Wednesday, April 18, 2007

Qatar Journal

I had a leisurely coffee with Qatari from QL last Thursday. We were talking about the state of the IT sector in Qatar, and generally solving the world's problems. Anyway, he was hassling me saying I should have some sort of commercial project, because there was money to be made.

I'm a bit skeptical about making money from websites. There were a lot of good ideas during the dot-com boom that produced no cash. He started quoting some figures about google ads, and how little you need to spend on hosting. Anyway, I went home that night and had a chat with Sara about it.

There's a gap at the moment for serious local news. QL and others serve the demand for informal chat, but the local papers have abysmal websites and mainstream news sites don't cover Qatar. Thus, I'm going to start up a news site, named Qatar Journal. The official launch will be on 12 May 2007 (exactly one month after my chat with Qatari) - it will be rough around the edges, but it's better to launch quickly and fix things as we go along.

Basically, there's going to be no editorial. The easiest way to scare advertisers is to start getting cynical about press releases, so I'm going to leave all discussion to the readers. Obviously, there's going to be an editorial element in choosing stories, and here I have an advantage over the newspapers' sites: I only need to pick around 10 stories a day, whereas they are publishing (almost) everything.

Anyhow, I just wanted to blog this before anyone starts asking - "why are you trying to compete with QL?". I'm not. I'm a regular QL reader, and it's great. Qatar Journal is an online local newspaper, and when it generates its own community, it will have a very different tone to QL. Hopefully, some readers will visit both sites, but I would guess that most QL regulars will stick with what they know - I'm not trying to poach anyone.

Let me know what you think about the site, and keep an eye on progress. Everything should be working very soon, but it'll take a couple of weeks to get the site looking professional.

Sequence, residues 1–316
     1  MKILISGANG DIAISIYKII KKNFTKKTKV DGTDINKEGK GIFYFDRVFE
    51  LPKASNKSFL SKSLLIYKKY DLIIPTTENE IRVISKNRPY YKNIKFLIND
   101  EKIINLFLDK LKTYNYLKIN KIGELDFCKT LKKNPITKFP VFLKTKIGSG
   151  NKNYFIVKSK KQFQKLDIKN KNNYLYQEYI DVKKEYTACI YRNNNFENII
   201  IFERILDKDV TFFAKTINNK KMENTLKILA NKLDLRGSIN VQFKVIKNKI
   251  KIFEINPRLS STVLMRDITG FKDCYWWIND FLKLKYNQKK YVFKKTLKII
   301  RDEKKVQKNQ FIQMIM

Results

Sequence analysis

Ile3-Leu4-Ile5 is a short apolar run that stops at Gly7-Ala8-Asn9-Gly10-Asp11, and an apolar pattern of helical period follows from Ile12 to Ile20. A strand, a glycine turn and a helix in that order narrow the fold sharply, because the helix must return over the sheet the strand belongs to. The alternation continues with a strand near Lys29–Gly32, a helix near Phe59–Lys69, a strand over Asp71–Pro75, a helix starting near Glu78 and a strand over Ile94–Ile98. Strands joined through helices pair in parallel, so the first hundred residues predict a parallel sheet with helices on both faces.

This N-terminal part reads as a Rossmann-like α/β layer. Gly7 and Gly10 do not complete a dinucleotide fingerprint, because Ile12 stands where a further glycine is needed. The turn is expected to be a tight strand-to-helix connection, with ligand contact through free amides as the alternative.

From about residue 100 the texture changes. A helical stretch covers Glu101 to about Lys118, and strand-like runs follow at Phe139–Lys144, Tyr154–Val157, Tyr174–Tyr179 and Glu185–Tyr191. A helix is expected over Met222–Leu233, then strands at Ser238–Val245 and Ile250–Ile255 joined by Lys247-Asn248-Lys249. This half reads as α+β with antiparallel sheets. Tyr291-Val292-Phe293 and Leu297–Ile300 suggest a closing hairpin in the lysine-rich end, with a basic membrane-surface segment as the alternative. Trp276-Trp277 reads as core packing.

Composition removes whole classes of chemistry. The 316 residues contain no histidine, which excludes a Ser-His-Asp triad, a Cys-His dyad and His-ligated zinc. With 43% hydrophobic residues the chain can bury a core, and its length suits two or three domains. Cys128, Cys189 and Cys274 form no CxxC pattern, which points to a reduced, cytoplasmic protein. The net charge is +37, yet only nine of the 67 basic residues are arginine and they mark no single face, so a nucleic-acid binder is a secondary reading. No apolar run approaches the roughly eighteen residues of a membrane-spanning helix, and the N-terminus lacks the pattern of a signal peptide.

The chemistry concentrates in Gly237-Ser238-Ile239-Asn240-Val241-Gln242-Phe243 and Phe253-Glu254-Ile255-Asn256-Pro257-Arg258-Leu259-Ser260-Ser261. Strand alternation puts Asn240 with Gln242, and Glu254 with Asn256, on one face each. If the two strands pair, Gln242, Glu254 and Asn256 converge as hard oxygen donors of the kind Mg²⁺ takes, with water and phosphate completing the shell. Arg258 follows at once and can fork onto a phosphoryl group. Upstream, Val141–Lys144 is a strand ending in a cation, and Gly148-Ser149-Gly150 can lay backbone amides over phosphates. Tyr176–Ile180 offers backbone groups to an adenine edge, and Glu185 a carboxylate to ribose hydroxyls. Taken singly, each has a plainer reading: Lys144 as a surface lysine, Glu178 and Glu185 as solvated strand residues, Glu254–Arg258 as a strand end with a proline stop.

Also, discovered Alexa today. Here is an image snapshot of Qatar websites (April 2007), and a permalink for future comparison.

6 comments:

mohamed said...

I would be careful about using Alexa to benchmark anything. Especially looking at a geographical niche like Qatar.

Alexa get's it's data from people who use the Alexa Toolbar. In a small set like this, the data could be horribly skewed.

Nigel said...

Yep. I agree. You shouldn't trust the absolute values given in the graphs.

But it's the only public data that I've found, and The Gulf Times isn't going to release its weblogs for comparison ;)

What will be worth watching is how these graphs change, particularly if The Peninsula improves its marketing, The Tribune launches its site, or Qatar Journal proves successful.

mohamed said...

Or you could just get five friends to install the Alexa toolbar and then make your site jump right to the top :)

Anonymous said...

Is this going to be using SlashCode? Or something a bit more lightweight?

Nigel said...

Yes, it's using slashcode. Lightweight is a debatable term. A lot of the current systems start off with a small memory footprint, but can't scale. Slash starts large and scales well. The main difficulty for most people is that you need to know a lot of perl to troubleshoot a slash site.

There are a few tricks you can use to reduce slash's overhead - I've got boa serving images on port 8080, so I'm only using the large apache process for serving pages. If the project is successful, I'll invest in another IP address, as port 8080 can be troublesome for some brain-dead routers.

I'm using memcached as a cache, because it has smaller overhead than either apache or mysql caching.

I've tweaked the apache conf file so that it doesn't issue keep-alives, and will start rejecting requests should memory become limited.

Finally, I used ab (the Apache benchmarking tool) to ensure that the server will stay afloat while being hammered by 20 concurrent connections. It does.

At the moment, I'm running the system (apache, mysql, slashd and boa) on one box with only 256MB RAM. The deal I'm getting is pretty sweet - $50/month at mediatemple. I suspect the RAM will need to be increased eventually, but I don't plan to spend any more money on hosting until the site is paying for itself.

daiski said...

Nigel,

It's good to see that a site like Qatar Journal has finally surfaced in Qatar.

I had some serious thought on developing something simiar but ended up engulfing myself in a proper map site for Qatar; to be launched in time for QSTP Tech Talk 2007 Conference.

POC available now here.

M.Jawhari